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Driving away from Omelas

So, say you acknowledge that the lifestyle Western culture pushes you toward involves a lot of life at the expense of other people, from environmental damage to benefiting indirectly from land theft and labor exploitation to I'm sure other things as well, and you'd like to do something about it. But you're not going to walk away from Omelas, with or without the ForsakenChild on your back, because you're not a saint, or because you've done the math and think living like a hermit isn't wide-scale sustainable either. So what can you do?

Donations get mentioned, but I think one thing would be to scale your donations directly to your harmful activities. In an ideal society we'd have taxes on fossil carbon, congestion, and other externalities, privatising such costs. In our society you'll have to do it on your own. Like, say, you estimate the social cost of driving is about $2.50 per gallon. Then for every gallon you buy, you could donate that much to carbon offsets or some environmental or helping developing nations charity. Though really it can be anything altruistic, since the main thing is to raise your own awareness and effective price.

If you live in one of the many countries where the gas tax is already more than that, you could defensibly skip this, even though the tax is mostly going to your country's general revenues; your gas price is already higher than it would in an ideal society with externality-taxed gasoline and income tax-funded government.

But of course there's also the natural gas for heating, and coal/gas fueled electricity, to be price offset.

And then other goods. Sometimes there's a fair trade, or organic, or "not made in China", or sustainably harvested option to go with, at a higher price of course. Sometimes there isn't, but you can still apply the principle. Research or guess what you should be paying, and donate that. Again, the difference from charity as usual is that you not just giving "what you can give", you're deliberately offsetting or pricing higher your own side effect-laded behavior.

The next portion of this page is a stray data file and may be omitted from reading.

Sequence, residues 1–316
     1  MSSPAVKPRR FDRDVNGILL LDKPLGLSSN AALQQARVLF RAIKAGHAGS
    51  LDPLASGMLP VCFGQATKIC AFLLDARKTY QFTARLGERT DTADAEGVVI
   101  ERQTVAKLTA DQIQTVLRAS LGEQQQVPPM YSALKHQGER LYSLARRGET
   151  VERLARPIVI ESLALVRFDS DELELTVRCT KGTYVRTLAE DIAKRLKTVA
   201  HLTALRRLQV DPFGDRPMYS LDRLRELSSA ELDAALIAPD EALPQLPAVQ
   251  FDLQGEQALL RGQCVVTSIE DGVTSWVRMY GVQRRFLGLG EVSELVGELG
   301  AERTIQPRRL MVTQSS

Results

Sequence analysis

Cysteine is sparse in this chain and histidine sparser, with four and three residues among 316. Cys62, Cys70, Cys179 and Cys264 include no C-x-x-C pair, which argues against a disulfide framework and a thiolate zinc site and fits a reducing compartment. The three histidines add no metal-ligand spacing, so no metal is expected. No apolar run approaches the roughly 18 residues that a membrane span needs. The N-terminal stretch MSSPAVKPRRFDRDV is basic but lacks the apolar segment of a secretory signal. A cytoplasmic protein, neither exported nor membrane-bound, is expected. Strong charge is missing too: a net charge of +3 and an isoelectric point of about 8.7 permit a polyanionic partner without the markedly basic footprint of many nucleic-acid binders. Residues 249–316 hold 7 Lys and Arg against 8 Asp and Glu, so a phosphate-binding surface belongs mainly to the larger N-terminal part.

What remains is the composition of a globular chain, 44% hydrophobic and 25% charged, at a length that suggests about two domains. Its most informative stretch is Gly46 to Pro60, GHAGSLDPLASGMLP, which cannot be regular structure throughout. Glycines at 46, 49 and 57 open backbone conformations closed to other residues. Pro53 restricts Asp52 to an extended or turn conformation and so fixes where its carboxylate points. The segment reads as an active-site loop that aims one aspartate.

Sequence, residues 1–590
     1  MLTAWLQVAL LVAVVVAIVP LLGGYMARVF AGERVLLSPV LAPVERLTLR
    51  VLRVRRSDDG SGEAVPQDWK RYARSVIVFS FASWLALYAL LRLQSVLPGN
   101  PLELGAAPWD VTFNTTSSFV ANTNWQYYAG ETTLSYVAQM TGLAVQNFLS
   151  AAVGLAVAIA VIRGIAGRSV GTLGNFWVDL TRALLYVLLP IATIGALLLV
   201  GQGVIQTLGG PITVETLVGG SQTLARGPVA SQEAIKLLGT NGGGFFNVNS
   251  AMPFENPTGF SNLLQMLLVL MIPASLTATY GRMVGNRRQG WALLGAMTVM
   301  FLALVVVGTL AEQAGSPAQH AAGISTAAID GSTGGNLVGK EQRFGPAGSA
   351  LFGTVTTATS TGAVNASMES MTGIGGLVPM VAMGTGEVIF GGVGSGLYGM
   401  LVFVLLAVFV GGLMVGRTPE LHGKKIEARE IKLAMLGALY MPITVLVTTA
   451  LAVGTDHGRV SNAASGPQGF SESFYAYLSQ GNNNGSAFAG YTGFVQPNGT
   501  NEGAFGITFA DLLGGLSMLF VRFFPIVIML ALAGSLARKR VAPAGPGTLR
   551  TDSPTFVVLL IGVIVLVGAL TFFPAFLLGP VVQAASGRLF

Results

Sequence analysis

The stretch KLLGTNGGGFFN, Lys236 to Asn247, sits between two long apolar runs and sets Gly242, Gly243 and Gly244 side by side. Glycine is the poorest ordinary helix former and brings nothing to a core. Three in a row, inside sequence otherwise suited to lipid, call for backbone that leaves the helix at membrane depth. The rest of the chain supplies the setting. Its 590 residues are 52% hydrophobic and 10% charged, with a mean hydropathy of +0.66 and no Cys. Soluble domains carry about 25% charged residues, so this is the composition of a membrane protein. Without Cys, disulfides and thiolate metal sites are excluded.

Do I do this? No, I just thought of it today. Will I? We'll see.


See the comment count unavailable DW comments at http://mindstalk.dreamwidth.org/314320.html#comments


( 5 comments — Leave a comment )
Mar. 28th, 2012 12:54 am (UTC)
These suggestions all seem more subjective than objectively useful. Taxes, and even donations, may not reach the victims, and are very unlikely to solve the longterm problem.

I'd suggest, donate to some project that is really working on better solar panels, better windmills, etc etc -- after researching to find one that is really likely to do some good. (And use some of our first world resources, eg internet, to publicize that good project and similar.)

Mar. 28th, 2012 12:58 am (UTC)
Not all victims may even be reachable by donation. The idea was more about raising one's own effective price, to create the same incentives a proper carbon tax would. Though donation to charities one likes might be counterproductive, there. "If I drive more, I'll donate more!" Maybe carbon offset would be the way to go after all.
Mar. 28th, 2012 01:47 am (UTC)
How about, "If I indulge in better internet access, I can do more to promote a good charity that might really solve the problem"?

Decreasing our own usage of, say, gasoline won't help the environment. It will just make gasoline cheaper for the SUVs and the bulldozers.
Mar. 28th, 2012 02:43 am (UTC)
Self-imposed luxury tax
zestyping had a nice idea of "Personal Consumption Offsets" -- 100% matching on non-essential purchases with donations to an effective aid organization:


He's been doing it for two years now, and seems to be happy with the result. It's probably pretty similar to what Mad and I have been doing:

Mar. 28th, 2012 02:54 am (UTC)
Re: Self-imposed luxury tax
Cool, thanks.
( 5 comments — Leave a comment )


Damien Sullivan

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